Even-odd rule to be used in case of heavy pollution (People's Daily)
Beijing's environmental protection bureau's deputy director Du Shaozhong said the city will adopt stricter vehicular restrictions during periods of heavy air pollution. While all cars will be restricted from driving at least one weekday depending on the last digit of their license plate numbers, during periods of heavier pollution, an even-odd license plate number rule would ban half the capital's 3.4 million cars from the roads. […] In addition, work will be suspended at construction sites and plants that produce high levels of pollution. When these conditions threaten air quality, causing the air pollution index (API) to reach at least 300, the government will notify the public of a ban two days in advance. […]. ^ top ^



Jasper Tsang Yok-sing elected president of HKSAR LegCo (Xinhua)
Hongkong - Jasper Tsang Yok-sing was elected the president of the fourth term Legislative Council (LegCo) of the Hong Kong Special Administrative Region (HKSAR) here Wednesday. Tsang, member of the Democratic Alliance for the Betterment and Progress of Hong Kong (DAB), won 36 to 24 against Fred Li Wah-ming of the Democratic Party in a secret ballot by the 60 newly sworn- in members of the fourth term LegCo of the HKSAR. The LegCo will face a lot of challenges in the coming four years," 61-year-old Tsang said in his brief speech after chairing the first session of the new term LegCo meeting, "I will do my utmost as the LegCo President to turn those challenges into our achievements for Hong Kong with other colleagues." According to the Basic Law, the President of the LegCo shall exercise powers and functions such as presiding over meetings; deciding on the agenda, giving priorities to government bills for inclusion in the agenda; deciding on the time of meetings; calling special sessions during the recess; calling emergency sessions on the request of the Chief Executive of HKSAR and other powers and functions of the president in the rules of the procedures of the LegCo. ^ top ^



Night markets may come to rescue of flagging tourism (SCMP)
Macau's government is expected to launch night markets in an attempt to revitalise old districts and boost tourism, industry sources say. The idea for night markets, which are a major tourist draw in Taiwan and elsewhere in the region, has taken on fresh urgency amid growing uncertainty about the economic outlook and the impact on the casino trade of mainland curbs on travel to Macau. […] Macau is trying to diversify beyond the gaming industry, which has seen rapid expansion and the development of Las Vegas-style casino resorts. Many casinos contain luxury shops to attract non-gamers and get them to stay longer. […] There is usually little correlation between the casino industry and economic growth but, with Macau trying to project itself as somewhere to visit for more than gambling and dining, the tourism industry is looking to shopping as the "third reason" for visitors to come to Macau. "What comes to mind when you think of Macau? Food and casinos and nothing else. We are hoping shopping can be the third thing. Right now, retail is still in the early development phase here, but many retail brands are doing well," another industry source said. ^ top ^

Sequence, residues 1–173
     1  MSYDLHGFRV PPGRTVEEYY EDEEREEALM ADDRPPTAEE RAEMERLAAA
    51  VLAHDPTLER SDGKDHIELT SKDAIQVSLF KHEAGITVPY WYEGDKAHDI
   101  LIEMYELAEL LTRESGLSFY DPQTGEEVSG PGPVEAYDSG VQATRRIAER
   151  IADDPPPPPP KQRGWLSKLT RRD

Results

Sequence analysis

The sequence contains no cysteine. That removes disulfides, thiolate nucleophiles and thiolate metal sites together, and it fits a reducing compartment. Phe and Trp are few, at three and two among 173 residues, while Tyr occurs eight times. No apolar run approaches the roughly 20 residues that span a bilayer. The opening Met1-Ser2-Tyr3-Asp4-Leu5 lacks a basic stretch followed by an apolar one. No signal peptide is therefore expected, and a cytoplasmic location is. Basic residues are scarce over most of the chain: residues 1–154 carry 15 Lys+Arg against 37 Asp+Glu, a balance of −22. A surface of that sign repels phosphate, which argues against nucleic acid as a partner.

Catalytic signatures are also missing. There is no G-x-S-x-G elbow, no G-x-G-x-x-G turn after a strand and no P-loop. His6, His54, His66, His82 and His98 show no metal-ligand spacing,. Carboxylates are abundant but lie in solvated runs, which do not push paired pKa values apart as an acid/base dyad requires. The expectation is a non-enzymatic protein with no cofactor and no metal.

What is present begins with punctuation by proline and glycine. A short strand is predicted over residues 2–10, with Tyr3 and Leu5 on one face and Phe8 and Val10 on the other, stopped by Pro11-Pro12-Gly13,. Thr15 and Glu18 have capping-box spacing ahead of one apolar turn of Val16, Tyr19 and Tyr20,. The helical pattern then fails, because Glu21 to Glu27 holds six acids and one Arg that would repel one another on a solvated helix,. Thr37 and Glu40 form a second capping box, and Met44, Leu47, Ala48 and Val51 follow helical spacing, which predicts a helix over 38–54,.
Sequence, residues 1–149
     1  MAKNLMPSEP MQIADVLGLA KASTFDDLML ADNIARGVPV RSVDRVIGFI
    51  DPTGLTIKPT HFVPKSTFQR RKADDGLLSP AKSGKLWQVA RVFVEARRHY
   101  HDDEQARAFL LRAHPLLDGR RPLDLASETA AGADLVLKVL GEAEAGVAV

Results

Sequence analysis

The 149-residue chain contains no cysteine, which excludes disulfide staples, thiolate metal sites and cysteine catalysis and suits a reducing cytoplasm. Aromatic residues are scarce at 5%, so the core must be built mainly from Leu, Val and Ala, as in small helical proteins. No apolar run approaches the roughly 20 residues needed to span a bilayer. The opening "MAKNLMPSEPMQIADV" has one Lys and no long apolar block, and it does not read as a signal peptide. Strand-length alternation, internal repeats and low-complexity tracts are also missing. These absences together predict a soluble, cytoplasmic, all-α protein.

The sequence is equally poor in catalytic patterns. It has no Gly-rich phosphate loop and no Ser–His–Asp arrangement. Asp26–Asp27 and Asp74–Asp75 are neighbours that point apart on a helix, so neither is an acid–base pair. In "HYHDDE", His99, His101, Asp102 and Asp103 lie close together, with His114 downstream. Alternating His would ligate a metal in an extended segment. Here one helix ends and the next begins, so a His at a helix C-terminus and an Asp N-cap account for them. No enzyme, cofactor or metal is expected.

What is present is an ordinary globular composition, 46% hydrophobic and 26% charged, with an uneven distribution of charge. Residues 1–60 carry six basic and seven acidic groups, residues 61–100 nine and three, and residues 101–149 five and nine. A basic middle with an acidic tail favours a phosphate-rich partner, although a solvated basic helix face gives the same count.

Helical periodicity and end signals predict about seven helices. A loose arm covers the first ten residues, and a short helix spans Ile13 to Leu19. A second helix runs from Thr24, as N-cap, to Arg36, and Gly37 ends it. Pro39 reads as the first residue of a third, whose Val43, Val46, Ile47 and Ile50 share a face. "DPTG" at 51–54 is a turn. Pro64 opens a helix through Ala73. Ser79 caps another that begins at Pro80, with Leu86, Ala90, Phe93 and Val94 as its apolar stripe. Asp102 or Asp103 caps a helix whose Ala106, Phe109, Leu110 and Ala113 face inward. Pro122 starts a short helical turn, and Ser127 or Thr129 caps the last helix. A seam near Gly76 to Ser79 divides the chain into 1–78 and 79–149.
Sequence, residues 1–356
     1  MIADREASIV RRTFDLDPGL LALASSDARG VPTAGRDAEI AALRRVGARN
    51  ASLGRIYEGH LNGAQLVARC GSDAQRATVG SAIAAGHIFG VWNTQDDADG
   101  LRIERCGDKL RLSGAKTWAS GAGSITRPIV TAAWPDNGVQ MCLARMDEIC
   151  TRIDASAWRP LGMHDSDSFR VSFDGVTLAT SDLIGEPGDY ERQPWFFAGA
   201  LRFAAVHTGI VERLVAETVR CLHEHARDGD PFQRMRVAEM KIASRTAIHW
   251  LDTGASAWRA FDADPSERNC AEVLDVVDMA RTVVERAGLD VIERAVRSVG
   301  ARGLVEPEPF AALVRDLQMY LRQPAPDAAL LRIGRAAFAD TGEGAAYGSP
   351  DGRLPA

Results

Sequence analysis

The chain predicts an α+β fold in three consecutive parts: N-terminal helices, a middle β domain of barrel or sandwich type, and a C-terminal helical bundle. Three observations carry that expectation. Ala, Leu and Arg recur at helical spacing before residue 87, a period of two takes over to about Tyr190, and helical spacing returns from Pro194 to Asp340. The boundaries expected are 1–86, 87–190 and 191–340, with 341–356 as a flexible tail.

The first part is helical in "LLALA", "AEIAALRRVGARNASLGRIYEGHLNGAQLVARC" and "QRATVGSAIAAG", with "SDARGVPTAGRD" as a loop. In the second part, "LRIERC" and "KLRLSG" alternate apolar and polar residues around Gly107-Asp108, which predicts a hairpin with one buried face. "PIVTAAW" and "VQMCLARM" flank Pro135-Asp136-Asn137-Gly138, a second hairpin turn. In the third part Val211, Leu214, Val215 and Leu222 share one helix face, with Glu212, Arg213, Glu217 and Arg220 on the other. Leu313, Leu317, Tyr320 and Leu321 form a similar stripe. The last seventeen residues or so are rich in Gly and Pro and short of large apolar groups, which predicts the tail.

August figure of Taiwan's jobless highest in three years (Xinhua)
Taipei - Taiwan reported the most number of unemployed people in August compared with the same month in the previous two years, according to a local media report. The number of "long-term" unemployed, referring to those out of work for at least one year, hit 63,000 in August, the report said, citing the latest figures from the Taiwan authorities. Of these, 56 percent were aged under 30 and almost 30 percent were educated to college level or above. […]The statistics of September was still being processed, the report said, warning that if it was to continue rising, the situation would be even more serious than expected.^ top ^

Taiwan detains ex-intelligence chief over Chen scandal (SCMP)